Jewish World Review May 23, 2006/ 25 Iyar, 5766

Wesley Pruden

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The Church Lady, with a hot flash | We're in the midst of the Great Election Year Pile On. George W. Bush can't even pray without an officious old biddie looking over his shoulder to make sure he asks G-d for the right things.

Willie Nelson's Chinese pothead flavor of the week, apparently inspired by a fortune cookie, led him to write a thrilling bong-Bush ditty. Madonna, the aging Material Girl who gave up her pornographic shtick when motherhood struck and travels now with her own private rabbi, interrupted her act in Los Angeles to lash out at George W. and then climbed on a faux cross to show how George W.'s America "crucifies" anyone who opposes him. (She climbed down to sip champagne and collect a $70 million gate.)

Al Gore, working now as a televangelist for the First Church of the Warming Globe, has hit the sawdust trail with a docudrama about the end of the world as he knows it. He dares George W. to look at it.

But no one critiques faith with the busybody enthusiasm of Madeleine Albright, who with Janet Reno supplied the bling and bling to the Clinton Cabinet. The ex-secretary of State has sampled nearly everybody else's religion and can't make up her mind what she believes, if anything, but she's comfortable critiquing George W.'s faith. She wants him to find a new one. (Islam, anyone?)

"I worked for two presidents who were men of faith," she told Reuters, "and they did not make their religious views part of American policy... The absolute truth is what makes Bush so worrying to some of us."

Mrs. Albright frets that the president's fervent but unexceptional Christian faith upsets Muslims, who are, truth to tell, upset by any faith but their own. She thinks George W.'s faith gives certain Muslims the heartburn they could expect from a jumbo pulled-pork sandwich at the Dixie Pig (with the Carolina mustard sauce).

She recalls that Gov. George W. Bush of Texas once told his Christian friends that he believed G-d wanted him to be president. She remembers his telling the Republican National Convention two years ago that "we have a calling from beyond the stars to stand for freedom."

This is boilerplate stuff from every president's speech archives, but such sentiments wrinkle Madeleine's chador. "Some of his language is really quite over the top," she told reporters in London. "When he says 'G-d is on our side,' it's very different from Lincoln saying, 'We have to be on G-d's side'."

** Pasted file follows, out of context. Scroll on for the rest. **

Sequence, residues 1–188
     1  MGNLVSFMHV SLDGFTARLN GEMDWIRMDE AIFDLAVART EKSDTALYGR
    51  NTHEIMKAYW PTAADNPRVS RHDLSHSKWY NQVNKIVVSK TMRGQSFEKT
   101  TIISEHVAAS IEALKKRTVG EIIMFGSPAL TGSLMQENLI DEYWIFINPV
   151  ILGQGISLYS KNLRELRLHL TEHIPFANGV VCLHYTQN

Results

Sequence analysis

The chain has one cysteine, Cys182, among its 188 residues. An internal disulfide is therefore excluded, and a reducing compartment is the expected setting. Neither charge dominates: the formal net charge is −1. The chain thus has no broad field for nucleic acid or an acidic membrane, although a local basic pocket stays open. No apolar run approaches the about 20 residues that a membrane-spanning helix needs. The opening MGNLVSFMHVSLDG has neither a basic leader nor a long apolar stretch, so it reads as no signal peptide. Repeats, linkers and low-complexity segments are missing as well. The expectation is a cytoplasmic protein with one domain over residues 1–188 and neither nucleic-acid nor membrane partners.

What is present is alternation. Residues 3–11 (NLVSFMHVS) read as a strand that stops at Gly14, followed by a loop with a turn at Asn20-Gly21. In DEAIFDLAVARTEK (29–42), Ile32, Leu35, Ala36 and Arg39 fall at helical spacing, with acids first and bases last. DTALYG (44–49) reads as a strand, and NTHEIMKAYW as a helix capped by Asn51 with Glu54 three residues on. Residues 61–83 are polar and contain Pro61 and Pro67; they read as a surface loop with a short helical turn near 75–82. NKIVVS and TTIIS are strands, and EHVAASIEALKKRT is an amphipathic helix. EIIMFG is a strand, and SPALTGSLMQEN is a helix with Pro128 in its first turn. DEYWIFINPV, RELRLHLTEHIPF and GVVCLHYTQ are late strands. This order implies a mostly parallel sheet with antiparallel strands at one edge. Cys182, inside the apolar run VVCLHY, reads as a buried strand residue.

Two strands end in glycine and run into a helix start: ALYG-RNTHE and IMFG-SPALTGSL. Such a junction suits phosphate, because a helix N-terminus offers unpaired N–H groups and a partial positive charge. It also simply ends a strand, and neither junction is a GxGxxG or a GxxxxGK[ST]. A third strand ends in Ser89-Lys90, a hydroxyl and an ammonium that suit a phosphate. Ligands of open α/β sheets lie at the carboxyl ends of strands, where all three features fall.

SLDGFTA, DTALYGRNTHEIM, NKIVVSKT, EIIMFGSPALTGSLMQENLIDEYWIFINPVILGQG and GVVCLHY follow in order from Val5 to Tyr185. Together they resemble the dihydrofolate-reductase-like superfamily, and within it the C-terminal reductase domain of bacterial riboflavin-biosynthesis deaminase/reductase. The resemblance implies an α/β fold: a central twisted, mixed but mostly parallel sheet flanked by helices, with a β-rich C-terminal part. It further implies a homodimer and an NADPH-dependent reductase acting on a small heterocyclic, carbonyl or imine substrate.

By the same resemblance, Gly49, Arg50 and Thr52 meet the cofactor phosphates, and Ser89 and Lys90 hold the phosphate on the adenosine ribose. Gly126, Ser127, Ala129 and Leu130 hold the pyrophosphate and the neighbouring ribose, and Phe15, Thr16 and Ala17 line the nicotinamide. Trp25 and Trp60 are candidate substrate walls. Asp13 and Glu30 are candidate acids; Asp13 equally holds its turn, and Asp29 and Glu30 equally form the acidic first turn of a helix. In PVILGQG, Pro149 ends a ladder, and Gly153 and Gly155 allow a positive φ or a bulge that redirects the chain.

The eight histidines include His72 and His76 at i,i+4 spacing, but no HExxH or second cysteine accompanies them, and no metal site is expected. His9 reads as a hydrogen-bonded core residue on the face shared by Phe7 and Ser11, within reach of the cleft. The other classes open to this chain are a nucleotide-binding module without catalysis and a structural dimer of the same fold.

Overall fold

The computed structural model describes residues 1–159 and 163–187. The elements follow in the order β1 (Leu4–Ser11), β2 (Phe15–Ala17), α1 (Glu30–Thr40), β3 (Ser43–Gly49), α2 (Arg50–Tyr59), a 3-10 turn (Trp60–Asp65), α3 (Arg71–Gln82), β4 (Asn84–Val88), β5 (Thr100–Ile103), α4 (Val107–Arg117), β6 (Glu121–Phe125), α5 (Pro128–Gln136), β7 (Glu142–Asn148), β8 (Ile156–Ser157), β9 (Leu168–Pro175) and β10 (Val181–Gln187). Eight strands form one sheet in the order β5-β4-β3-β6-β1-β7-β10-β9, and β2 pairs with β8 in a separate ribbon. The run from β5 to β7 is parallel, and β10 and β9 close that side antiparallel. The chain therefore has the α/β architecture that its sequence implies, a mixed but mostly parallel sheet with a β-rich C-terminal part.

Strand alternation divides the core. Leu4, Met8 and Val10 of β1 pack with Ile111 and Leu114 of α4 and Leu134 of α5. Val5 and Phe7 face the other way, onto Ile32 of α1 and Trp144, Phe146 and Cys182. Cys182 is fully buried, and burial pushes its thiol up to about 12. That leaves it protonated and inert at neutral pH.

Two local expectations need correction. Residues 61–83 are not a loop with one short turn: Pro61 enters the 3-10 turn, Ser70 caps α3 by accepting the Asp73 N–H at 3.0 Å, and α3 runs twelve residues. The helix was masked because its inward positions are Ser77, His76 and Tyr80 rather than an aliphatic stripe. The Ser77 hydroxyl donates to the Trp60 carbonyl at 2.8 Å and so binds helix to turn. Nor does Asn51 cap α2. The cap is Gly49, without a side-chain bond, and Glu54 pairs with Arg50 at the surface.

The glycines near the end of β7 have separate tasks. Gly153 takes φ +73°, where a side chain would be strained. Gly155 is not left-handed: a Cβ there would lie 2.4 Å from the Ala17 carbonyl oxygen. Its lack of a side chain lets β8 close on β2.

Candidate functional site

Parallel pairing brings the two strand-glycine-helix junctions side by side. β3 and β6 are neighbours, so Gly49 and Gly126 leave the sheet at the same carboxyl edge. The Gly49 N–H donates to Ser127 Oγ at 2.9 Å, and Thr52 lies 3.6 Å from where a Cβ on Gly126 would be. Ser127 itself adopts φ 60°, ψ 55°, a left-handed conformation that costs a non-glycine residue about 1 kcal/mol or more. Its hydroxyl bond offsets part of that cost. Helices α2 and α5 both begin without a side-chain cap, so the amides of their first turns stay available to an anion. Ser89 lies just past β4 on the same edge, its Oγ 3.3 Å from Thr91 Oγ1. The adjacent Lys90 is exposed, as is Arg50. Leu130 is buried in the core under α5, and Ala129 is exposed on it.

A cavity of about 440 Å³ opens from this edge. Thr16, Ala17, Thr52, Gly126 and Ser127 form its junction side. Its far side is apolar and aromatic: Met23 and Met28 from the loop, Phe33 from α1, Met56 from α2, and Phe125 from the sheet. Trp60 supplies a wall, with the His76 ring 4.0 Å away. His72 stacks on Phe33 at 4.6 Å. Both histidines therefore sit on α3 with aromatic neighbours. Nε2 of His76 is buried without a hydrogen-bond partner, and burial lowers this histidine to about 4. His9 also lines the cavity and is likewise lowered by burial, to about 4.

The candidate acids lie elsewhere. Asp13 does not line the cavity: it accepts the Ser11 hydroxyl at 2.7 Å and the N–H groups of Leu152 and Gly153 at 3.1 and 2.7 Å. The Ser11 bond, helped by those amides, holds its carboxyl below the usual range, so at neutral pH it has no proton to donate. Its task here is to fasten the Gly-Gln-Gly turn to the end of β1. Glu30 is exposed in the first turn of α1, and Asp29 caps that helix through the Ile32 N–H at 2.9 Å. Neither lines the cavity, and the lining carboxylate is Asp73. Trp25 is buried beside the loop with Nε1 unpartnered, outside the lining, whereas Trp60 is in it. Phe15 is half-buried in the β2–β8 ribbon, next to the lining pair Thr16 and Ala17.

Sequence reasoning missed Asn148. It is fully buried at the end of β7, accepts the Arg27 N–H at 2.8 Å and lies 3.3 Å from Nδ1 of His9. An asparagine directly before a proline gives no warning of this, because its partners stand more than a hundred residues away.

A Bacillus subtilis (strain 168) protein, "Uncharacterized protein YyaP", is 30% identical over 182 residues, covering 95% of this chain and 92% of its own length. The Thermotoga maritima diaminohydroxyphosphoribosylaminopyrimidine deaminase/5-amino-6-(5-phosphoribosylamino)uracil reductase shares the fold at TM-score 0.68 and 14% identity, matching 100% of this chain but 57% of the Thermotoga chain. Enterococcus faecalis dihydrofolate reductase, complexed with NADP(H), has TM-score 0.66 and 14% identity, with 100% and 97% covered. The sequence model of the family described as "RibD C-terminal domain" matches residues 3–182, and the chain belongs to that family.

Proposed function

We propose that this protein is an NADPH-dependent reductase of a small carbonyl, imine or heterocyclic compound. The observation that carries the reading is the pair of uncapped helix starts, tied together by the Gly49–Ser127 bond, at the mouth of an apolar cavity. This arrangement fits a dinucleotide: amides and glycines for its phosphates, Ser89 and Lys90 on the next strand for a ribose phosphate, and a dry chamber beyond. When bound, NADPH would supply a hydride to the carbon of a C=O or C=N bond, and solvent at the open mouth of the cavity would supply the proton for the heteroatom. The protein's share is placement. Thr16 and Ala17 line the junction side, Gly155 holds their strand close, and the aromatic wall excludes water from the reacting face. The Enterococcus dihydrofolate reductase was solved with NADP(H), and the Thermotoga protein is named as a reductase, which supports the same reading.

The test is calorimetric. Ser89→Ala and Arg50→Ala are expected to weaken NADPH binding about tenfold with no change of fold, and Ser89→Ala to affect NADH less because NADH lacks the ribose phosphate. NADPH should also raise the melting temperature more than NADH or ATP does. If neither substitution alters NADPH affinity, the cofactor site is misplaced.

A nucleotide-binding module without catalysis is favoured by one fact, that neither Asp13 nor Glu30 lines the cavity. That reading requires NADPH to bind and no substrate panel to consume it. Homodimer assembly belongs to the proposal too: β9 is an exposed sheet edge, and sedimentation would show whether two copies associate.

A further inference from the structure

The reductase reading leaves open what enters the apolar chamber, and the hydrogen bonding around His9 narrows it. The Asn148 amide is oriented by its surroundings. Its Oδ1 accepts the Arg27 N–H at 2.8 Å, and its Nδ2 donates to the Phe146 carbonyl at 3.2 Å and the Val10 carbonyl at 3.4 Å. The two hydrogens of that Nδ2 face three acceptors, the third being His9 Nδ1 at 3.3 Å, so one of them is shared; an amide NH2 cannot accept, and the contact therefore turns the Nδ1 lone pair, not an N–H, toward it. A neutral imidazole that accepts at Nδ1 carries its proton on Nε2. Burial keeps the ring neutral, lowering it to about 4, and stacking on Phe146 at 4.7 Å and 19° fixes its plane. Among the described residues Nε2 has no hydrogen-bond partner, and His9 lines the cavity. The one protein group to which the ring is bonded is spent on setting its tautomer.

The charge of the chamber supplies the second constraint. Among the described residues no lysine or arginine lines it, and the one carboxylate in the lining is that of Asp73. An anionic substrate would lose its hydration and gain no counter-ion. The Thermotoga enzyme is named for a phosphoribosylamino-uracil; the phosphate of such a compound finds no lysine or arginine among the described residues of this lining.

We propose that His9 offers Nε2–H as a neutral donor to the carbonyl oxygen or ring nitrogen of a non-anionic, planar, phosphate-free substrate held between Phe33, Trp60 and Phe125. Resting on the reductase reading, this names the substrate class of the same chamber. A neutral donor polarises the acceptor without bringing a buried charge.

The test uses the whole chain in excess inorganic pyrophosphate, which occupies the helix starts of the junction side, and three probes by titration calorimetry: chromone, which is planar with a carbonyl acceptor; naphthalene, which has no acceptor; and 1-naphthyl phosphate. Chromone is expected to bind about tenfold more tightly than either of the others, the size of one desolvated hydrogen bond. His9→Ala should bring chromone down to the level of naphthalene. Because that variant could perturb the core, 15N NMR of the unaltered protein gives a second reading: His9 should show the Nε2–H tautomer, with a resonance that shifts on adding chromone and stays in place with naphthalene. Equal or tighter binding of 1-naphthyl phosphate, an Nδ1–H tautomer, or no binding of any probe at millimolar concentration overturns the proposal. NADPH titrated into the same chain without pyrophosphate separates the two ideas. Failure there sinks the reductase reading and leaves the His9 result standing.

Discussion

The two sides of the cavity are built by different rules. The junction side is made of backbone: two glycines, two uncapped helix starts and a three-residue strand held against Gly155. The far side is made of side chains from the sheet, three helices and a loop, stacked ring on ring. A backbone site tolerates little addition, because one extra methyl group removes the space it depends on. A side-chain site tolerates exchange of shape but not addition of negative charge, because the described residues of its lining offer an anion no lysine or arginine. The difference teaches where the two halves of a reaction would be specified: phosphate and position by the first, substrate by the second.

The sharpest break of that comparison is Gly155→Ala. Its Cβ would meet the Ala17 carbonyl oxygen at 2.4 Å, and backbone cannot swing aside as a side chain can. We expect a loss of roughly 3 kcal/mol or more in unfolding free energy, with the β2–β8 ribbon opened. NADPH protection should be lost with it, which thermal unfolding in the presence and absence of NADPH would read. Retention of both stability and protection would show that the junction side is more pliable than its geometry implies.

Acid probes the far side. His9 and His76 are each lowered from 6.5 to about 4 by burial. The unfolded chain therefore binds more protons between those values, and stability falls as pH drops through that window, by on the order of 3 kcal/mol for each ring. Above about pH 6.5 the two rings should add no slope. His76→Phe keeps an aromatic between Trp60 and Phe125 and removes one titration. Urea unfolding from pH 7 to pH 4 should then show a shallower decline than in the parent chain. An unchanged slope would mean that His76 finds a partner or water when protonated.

Only a theological grasshopper like Madeleine Albright would attempt to parse these doctrinal differences. She has ranged over the years from cathedral to church, synagogue to mosque, attempting to set everyone straight. She was born a Roman Catholic in Czechoslovakia and reared in that faith, more or less, in Britain and the United States and was astonished, so she says, when she learned only late in life that she is Jewish, too. She describes herself now as "an Episcopalian with a Catholic background, and I used to pray to the Virgin Mary as a child, and still do."

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"I know I believe in G-d, but I have doubts, and doubt is part of faith." We all rejoice for anyone with faith, and pray for those with doubt. But you might think that someone with the chutzpah to fly-speck the faith of others would show a soupcon of tolerance for those others. She's the first fly-specker so far to accuse George W. of intolerance toward Muslims. He's always telling us that Islam is "a religion of peace."

Bill Clinton, who she cites with Jimmy Carter as examplar of true faith at work, wore his religiosity as a cloak when it suited his purposes, as it frequently did. Not particularly skilled at carrying a tune, he joined the choir at Little Rock's Immanuel Baptist Church when the church began televising the Sunday morning services so he could be seen on camera for the full hour just over the preacher's right elbow.

During one particularly sordid episode of "As the Worm Turns," the soap opera his White House years became, he invited five prominent ministers, including the Rev. Jesse Jackson, to rehabilitate his character. So far we have not received even the first of the promised progress reports. Maybe Madeleine is about to share them.

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JWR contributor Wesley Pruden is editor in chief of The Washington Times. Comment by clicking here.

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